Offaly TD in dispute with EU Commissioner over 'fear of inspection' on farms
Following questioning last Thursday, April 26, from Offaly-North Tipperary TD Carol Nolan, EU Commissioner for Agriculture Phil Hogan refuted the allegation that young farmers are deterred from applying for Schemes out of fear of inspections.
Speaking at the Dáil Joint Committee on Agriculture Food and the Marine Deputy Nolan spoke of the challenges facing the farming community and questioned the Commissioner on threats to suckler farming; issues of access to credit; and the difficulties facing new entrants.
Deputy Nolan outlined the deterrents facing young sheep farmers and their reluctance to apply for Schemes because of the fear of inspections.
In response Commissioner Hogan stated, “I have not come across a farmer yet that was afraid of an inspection in order not to apply for a cheque. There’s a lot of them up here and I doubt any of them have come across one."
Deputy Nolan responded: “Well I have. The Sheep Scheme was one,” to which Commissioner Hogan responded, “well they must be a very rare breed of sheep."
Deputy Nolan responded to the Commissioner stating, “I don’t think you should be flippant about this issue – come down to Offaly and I’ll introduce you to some young farmers who are reluctant to apply for this scheme."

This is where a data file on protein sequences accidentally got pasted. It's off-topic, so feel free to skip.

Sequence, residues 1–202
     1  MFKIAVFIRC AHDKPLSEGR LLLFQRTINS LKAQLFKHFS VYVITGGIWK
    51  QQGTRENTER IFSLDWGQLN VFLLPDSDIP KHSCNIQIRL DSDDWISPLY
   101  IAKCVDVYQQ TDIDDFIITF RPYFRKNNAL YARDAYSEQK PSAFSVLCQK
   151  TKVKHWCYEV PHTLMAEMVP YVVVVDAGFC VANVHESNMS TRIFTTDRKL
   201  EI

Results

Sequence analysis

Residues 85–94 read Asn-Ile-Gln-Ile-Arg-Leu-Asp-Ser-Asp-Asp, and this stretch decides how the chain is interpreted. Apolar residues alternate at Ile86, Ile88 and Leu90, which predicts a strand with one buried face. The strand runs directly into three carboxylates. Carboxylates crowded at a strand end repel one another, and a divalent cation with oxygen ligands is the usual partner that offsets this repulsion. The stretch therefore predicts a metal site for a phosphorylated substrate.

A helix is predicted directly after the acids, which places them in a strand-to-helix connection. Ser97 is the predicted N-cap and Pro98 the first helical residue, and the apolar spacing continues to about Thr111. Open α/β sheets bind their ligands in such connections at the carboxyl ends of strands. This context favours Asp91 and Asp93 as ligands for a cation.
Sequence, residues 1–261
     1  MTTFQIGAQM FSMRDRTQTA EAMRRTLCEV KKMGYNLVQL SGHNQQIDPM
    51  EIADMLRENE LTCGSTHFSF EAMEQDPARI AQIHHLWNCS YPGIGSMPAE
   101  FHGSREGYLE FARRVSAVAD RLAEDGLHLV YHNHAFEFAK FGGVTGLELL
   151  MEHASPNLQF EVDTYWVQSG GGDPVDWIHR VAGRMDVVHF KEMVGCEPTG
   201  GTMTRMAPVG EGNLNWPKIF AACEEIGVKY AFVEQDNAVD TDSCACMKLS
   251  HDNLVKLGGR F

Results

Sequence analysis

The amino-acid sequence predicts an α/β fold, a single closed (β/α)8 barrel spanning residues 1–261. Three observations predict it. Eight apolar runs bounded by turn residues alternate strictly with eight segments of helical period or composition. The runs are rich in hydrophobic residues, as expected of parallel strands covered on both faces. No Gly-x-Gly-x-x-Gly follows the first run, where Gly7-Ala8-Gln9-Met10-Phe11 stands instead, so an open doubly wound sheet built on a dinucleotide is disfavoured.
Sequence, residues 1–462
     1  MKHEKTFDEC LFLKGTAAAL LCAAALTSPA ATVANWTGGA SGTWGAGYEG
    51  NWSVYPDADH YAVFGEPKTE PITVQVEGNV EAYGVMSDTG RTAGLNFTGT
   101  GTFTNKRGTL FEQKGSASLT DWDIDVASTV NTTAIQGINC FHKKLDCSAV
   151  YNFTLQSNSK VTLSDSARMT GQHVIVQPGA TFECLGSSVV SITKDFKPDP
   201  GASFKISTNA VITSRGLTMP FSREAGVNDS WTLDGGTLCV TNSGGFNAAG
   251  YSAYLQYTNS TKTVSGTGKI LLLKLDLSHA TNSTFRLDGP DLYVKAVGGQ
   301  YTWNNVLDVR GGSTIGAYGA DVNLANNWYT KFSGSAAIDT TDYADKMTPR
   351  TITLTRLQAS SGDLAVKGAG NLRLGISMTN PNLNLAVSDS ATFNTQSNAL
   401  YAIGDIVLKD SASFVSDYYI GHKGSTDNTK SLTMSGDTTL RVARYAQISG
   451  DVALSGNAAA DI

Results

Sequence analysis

Commissioner Hogan then outlined the ‘Preliminary Check’ system and accused Deputy Nolan of not knowing about it. “I’m well aware of it," she replied.
However, Commissioner Hogan insisted that she didn’t know about it or else she would have referenced it in her questioning. Following the debacle the Chairman called the proceedings to order.
Speaking afterwards Deputy Nolan stated that the Commissioners remarks were “most condescending” and that he was being most disingenuous.
“It is self-evident that if the ‘Preliminary Check’ system was introduced then there was a problem – I was merely communicating to the Commissioner that for some new entrants, it is still a problem. It is quite astounding that Commissioner Hogan would attempt to discredit the bona fides of my statement in such an accusatory manner," Nolan commented.
"In my opinion it is the responsibility of public representatives to bring the concerns of the agriculture sector to the notice of the Commissioner and it is the Commissioner’s job to listen. We should all be working together to progress the future of farming in Ireland, not reducing high-level debate to invective," she concluded.
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